Scopes & Sights photo

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Lead photograph by Travis Rathbone. Scope photographs by Cliff Gardiner & John Keller

Hunters don’t need tactical flashlights. But when it comes to long-range shooting, the best ideas from the military and law-enforcement worlds can help in the field. It’s up to you to define long range, but shots placed with precision are always a good thing, and quality optics with exposed knobs and ballistic reticles can make that easier. My son and I tested the eight tactical scopes on these pages to find one for him to take to Africa. The requirements for good long-range hunting glass are the same there as they are here; models for consideration had to have at least 10X magnification but could not weigh more than 24 ounces or be longer than 16 inches. They also had to have a ballistic reticle and target-type turrets, and to keep things reasonably affordable, the maximum price was $1,100. Here’s how they stacked up.

The Test

First, we weighed and measured the scopes to verify manufacturer specs. We evaluated resolution, color rendition, and brightness by looking at an eye chart and colored targets set out at 100 yards in dark timber. Then we mounted the scopes on a devilishly accurate Sisk STAR rifle with Talley tactical rings, and fired Barnes Precision Match ammo to test the adjustments’ precision and repeatability. Next, we tossed the scopes in the back of a Polaris Ranger and drove down a mile-long, kidney-jarring trail. After putting each model in a 105-degree hot tub for five minutes and then in a bucket of 55-degree well water for another five, we put them in the freezer for three hours. Finally, we checked zeroes and repeated the adjustment test. Meanwhile, all other features and functions got scrutinized. —R.M.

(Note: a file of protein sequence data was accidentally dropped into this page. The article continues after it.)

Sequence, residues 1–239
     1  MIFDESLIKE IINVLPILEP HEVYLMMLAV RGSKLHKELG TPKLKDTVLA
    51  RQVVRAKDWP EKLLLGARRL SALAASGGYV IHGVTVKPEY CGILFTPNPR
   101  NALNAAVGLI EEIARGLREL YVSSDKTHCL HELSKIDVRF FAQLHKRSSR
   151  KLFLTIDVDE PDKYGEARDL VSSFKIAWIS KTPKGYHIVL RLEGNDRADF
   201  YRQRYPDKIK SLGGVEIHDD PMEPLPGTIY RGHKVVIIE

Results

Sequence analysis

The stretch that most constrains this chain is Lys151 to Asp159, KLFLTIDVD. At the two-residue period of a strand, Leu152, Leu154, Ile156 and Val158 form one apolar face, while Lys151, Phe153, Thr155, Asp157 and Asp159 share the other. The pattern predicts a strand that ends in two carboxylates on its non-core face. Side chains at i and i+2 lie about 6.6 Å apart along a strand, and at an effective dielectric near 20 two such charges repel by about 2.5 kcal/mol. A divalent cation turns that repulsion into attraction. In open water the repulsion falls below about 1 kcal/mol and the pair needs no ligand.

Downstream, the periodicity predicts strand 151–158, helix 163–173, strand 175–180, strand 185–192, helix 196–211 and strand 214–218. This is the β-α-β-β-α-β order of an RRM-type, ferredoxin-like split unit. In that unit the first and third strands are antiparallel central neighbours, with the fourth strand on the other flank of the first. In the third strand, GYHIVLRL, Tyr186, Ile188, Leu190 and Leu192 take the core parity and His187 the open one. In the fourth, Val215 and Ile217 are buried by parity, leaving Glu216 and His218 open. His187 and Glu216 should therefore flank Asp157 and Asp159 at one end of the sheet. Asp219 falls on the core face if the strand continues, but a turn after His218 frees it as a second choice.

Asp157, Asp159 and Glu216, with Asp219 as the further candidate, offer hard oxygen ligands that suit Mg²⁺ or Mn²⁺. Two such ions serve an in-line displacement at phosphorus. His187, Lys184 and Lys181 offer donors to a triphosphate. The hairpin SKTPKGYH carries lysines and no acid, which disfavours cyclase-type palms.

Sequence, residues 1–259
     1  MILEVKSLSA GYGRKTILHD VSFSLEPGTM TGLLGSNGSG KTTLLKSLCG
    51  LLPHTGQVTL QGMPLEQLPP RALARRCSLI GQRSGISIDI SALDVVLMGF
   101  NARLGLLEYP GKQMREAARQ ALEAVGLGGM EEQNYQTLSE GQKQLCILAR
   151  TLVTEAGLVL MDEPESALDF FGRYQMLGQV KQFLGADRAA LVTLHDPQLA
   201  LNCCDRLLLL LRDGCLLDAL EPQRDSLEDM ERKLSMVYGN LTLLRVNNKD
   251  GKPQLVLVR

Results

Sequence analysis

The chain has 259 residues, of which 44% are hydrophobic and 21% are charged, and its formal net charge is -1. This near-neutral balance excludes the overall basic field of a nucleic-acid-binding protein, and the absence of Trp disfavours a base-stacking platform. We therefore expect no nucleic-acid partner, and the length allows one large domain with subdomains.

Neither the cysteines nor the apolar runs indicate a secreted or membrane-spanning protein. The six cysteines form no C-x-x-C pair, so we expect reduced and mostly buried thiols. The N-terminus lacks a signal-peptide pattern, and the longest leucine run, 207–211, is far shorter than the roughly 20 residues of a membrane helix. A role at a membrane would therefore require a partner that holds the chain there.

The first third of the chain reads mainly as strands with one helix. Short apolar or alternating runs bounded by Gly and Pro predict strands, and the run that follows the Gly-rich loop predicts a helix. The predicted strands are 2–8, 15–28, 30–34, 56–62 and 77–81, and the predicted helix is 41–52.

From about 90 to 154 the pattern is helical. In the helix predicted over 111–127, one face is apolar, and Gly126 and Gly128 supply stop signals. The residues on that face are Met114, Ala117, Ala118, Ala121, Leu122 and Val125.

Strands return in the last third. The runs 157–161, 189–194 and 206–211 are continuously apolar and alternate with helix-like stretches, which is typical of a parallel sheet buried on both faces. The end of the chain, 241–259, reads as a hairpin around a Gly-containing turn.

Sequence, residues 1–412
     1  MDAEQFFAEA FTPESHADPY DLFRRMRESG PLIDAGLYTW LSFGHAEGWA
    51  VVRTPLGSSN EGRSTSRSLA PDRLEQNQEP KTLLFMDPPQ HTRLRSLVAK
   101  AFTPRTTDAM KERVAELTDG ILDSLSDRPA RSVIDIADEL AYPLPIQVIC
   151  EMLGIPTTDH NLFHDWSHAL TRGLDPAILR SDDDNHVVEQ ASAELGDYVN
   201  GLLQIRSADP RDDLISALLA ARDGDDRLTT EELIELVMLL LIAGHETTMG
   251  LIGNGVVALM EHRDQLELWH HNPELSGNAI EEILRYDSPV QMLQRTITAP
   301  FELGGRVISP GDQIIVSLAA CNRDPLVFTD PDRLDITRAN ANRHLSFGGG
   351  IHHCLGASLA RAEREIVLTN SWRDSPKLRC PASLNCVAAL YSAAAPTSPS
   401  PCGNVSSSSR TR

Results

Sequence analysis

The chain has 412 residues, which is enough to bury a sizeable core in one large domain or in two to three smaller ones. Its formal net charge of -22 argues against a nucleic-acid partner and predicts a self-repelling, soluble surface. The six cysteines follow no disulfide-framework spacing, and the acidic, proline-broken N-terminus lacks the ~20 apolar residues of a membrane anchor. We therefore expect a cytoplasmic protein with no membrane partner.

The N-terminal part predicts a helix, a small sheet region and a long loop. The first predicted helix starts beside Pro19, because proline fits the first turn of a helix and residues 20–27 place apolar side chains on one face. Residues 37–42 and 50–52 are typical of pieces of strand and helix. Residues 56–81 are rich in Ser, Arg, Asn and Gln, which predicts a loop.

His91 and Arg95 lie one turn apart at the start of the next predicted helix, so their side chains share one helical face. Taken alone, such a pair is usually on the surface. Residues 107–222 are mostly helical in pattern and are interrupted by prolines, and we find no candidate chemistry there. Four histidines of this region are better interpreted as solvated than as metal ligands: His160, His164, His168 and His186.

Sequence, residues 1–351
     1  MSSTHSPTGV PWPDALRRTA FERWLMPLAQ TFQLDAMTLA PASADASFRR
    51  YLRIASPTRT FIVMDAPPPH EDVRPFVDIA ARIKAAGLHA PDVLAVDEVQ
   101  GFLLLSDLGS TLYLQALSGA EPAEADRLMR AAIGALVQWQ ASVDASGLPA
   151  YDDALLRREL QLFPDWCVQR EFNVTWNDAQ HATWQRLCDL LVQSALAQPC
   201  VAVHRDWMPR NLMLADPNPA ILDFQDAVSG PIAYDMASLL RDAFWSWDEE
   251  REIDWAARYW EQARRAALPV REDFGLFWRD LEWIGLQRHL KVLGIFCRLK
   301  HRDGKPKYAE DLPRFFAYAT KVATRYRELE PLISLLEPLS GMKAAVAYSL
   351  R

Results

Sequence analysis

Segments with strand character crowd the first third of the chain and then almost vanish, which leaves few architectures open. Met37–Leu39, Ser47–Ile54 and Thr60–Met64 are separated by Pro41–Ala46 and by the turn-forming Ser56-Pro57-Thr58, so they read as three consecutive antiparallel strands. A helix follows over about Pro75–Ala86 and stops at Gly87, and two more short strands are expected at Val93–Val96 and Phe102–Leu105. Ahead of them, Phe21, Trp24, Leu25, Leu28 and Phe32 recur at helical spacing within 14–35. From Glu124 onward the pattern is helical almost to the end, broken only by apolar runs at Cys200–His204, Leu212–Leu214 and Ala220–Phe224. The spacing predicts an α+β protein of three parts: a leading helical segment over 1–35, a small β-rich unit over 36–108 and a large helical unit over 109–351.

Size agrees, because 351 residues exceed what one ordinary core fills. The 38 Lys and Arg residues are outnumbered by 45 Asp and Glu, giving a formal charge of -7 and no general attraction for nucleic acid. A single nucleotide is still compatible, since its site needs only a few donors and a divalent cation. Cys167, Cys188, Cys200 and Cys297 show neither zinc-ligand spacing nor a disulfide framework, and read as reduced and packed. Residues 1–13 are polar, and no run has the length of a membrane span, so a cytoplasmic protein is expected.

[1] Leupold Custom Shop VX-3



SPECS 4.5–14x40mm • 30mm tube • 131⁄4″ long (by my tape) • 15.3 oz. (by my scale)


HITS Compact and lightweight, this VX-3 has lots of custom options, including reticle, adjustments, illumination, and more. Resolution is excellent.

MISSES It takes the Custom Shop a few weeks to do the work. The old-style, ocular-bell focus is a little tedious.

THE TAKEAWAY Buy direct from the Custom Shop or send your VX-3 in. We got the TS 32 reticle and the VX-6 Custom Dial System (CDS). The base price was $699 and modifications were $340 more. The scope’s all-around quality and custom options make it our winner.